With that in mind, we need to ask:

What impact does the recent decision of DSA to endorse Bernie Sanders if he is the Democratic nominee but not to endorse anyone else mean? Hopefully, it doesn’t mean that members of the organization will sit out the presidential election altogether. DSA members have been and continue to be key to the election of progressives up and down the ballot lines and their activism will be needed to defeat Trump in November of 2020, regardless of who wins the Democratic nomination and regardless of whether the organization makes an official endorsement.

How to fight for unity

Without carrying the analogy too far, fighting for unity is like learning to fight in a marriage. We must learn to not set up ultimatums, not to call names and not to threaten to withdraw from the struggle. This is not easy.

It is in the interests of Democratic Party leaders, even if they don’t agree always with Reps. Ilhan Omar of Minnesota and Tlaib of Michigan, to join in defending them against attacks from the right. | AP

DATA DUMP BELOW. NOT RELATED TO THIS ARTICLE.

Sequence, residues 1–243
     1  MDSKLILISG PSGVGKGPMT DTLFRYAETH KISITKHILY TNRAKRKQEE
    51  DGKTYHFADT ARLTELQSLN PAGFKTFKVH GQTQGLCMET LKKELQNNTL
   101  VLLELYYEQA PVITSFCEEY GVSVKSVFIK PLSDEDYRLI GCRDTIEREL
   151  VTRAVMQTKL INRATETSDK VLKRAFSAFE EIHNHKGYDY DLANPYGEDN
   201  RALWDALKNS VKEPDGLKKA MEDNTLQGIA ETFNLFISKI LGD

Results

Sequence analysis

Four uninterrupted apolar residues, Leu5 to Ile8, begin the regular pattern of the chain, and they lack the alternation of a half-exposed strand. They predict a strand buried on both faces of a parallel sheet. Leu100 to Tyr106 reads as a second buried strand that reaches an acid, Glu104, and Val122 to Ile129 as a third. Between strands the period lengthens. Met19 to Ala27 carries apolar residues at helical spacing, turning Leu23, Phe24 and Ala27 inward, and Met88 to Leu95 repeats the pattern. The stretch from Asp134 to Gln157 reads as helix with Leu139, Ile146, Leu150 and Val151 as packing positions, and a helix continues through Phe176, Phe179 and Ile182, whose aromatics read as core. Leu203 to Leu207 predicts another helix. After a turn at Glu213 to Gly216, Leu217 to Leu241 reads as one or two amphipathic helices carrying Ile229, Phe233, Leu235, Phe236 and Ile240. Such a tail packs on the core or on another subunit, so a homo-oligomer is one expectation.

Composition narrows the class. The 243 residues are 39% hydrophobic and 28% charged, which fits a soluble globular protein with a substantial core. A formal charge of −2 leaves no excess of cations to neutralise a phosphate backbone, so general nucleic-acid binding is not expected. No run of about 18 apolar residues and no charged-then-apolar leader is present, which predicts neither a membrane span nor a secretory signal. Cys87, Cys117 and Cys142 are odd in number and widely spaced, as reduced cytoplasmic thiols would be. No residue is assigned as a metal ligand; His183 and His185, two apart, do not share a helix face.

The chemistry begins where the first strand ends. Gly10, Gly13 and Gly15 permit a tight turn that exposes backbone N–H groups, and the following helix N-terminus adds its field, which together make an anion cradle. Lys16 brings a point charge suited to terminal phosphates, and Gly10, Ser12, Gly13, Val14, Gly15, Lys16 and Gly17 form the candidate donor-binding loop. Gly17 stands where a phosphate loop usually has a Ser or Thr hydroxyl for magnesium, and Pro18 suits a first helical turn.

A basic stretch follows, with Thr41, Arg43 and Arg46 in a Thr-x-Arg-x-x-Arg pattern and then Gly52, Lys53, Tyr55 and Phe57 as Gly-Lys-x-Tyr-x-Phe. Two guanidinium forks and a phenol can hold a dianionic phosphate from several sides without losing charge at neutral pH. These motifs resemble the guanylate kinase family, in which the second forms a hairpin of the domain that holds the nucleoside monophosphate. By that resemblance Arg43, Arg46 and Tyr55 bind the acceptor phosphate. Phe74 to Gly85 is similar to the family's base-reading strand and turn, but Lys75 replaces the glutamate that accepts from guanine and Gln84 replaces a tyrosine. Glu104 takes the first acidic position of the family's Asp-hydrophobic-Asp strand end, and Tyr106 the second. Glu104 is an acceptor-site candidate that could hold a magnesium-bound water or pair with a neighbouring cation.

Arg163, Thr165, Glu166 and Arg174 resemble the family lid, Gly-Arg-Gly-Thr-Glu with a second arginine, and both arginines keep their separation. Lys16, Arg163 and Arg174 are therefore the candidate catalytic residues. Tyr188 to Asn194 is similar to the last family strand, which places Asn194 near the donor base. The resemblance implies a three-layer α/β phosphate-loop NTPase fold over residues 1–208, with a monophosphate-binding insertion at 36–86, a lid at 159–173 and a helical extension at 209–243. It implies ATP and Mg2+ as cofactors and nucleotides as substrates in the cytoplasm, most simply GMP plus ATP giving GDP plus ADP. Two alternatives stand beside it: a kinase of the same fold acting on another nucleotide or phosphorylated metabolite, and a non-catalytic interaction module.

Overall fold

We must learn to convincingly put forward positions but to do so in a way that unites, not divides.

So, while we take issue with Pelosi’s criticism of progressives, we need to also ask: what is gained, or lost by folks like Justice Democrats focus on “primarying” other Democratic reps? Longtime members of the Congressional Black Caucus are among those this progressive movement, historically weak-on-diversity has challenged. Other reps challenged include those who have very high ratings by organized labor and union retiree movements. Is this unifying behavior? Does it help, or harm, the people’s and progressive movements?

What I’m stating is that the struggle for “unity” is exactly that, a difficult struggle, not something given to us.